Written by: Michael Den Boer on March 10th, 2012
Theatrical Release Date: USA, 2011
Director: Thomas Newman
Writer: Thomas Newman
Cast:Simone Bailly, Mark Wynn, Jy Harris, Barry Nerling, Vince Laxton, Cher Staite
DVD released: February 21st, 2012
Approximate running time: 98 minutes
Aspect Ratio: 1.78:1 Anamorphic Widescreen
Sound: Dolby Digital Stereo English
DVD Release: Horizon Motion Pictures
Region Coding: Region 1 NTSC
Retail Price: $16.95
Synopsis: A pair of stoners discover that they can make a more potent weed by using the brains of zombies.
Just when you thought that every kind of Zombie film had been exploited for they are worth. Then comes a long a film like Bong of the Dead that combines drug related humor, with the usual plethora of zombie carnage.
On paper this film should have been more entertaining than its ends up being. Unfortunately there are far too many stretches in which things really drag and very little happens. Also during these long stretches in which things just meander along, far too much time is spent on idle banter. And while there are a handful of moments where the humor works, the majority of the time the humor falls flat.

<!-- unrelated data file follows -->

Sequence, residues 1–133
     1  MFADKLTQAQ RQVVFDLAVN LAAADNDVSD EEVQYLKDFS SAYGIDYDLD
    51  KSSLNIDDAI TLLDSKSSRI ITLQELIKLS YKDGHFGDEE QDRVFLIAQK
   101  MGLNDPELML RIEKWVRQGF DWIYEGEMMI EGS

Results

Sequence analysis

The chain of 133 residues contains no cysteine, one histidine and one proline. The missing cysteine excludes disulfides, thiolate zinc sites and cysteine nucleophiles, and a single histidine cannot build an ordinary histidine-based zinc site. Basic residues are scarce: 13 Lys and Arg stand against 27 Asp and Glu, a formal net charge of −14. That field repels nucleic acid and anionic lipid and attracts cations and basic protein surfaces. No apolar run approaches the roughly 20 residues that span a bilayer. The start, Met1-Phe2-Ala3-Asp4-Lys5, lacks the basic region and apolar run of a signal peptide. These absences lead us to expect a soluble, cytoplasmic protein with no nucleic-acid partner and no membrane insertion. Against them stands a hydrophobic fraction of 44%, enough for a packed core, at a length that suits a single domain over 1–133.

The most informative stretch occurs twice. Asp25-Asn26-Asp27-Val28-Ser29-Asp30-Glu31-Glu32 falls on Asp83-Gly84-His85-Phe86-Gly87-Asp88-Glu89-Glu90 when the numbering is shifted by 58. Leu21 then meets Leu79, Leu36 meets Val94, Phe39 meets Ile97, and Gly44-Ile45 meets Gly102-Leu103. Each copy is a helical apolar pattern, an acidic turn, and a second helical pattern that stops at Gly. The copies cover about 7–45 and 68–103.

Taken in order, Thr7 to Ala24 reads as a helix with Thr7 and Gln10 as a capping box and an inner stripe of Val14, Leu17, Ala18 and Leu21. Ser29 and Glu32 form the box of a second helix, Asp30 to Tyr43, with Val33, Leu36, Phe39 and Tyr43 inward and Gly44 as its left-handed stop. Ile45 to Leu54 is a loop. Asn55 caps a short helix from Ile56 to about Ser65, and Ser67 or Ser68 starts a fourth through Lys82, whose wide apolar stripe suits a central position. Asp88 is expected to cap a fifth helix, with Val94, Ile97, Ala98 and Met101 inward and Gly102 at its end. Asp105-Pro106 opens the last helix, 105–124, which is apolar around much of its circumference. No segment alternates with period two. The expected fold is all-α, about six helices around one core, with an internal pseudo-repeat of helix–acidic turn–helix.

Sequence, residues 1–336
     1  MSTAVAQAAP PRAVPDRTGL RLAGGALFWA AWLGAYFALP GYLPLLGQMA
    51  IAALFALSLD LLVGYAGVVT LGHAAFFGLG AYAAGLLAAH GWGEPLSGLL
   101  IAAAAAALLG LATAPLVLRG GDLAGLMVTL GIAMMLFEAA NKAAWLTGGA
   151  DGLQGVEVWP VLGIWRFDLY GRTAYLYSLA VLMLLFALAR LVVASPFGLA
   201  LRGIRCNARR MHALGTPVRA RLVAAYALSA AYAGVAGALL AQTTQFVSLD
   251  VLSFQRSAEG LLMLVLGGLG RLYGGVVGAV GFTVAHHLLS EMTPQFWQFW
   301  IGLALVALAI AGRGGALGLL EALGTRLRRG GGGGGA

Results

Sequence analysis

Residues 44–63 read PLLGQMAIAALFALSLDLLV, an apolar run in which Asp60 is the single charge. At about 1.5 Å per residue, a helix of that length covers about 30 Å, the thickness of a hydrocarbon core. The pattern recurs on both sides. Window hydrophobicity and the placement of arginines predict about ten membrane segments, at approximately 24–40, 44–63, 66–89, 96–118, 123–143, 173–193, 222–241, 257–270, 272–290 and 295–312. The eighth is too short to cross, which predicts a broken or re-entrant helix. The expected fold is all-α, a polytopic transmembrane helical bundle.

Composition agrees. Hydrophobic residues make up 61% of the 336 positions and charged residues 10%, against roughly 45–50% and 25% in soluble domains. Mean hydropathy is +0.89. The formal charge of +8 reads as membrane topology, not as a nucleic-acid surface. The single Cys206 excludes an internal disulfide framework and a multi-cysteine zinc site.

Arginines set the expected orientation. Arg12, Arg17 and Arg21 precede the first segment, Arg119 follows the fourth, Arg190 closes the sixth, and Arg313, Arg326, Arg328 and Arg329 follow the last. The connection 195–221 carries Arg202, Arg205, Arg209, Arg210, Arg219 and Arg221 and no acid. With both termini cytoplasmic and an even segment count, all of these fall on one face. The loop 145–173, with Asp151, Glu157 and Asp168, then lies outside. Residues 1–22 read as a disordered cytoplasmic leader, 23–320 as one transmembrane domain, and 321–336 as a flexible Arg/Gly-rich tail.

Another area in which the film’s does not fare well are the performances from its cast, who tend to ham it up to the point that the characters they are playing have become to abrasive. If any performance in the film that comes off unscathed, that would this film’s leading lady Simone Bailly (Good Luck Chuck). Her performance is a satisfying mix of a tough nails chick and a equally sexy side that gives this film some much needed eye candy.
And while there are several areas in which this film does no quit gel. On the flip side, there are a few areas in which its holds up really well. Most notably its opening per-credit sequence, the climatic showdown verse the zombies and it’s finale that leaves things open for a sequel. And without a doubt the one area in which this film excels the film’s are its superbly realized special effects, which far exceed any budget limitations that this film may have had.
Bong of the Dead is presented in an anamorphic widescreen that retains the films intended aspect ratio. The image looks clean, colors and flesh tones look accurate and details generally look crisp.
This release comes with one audio option, a Dolby Digital stereo mix in English. There are no problems with distortion and everything sounds balanced.
Extras for this release are limited to a trailer for the film. Overall Bong of the Dead gets a good audio/ video presentation from Horizon Motion Pictures.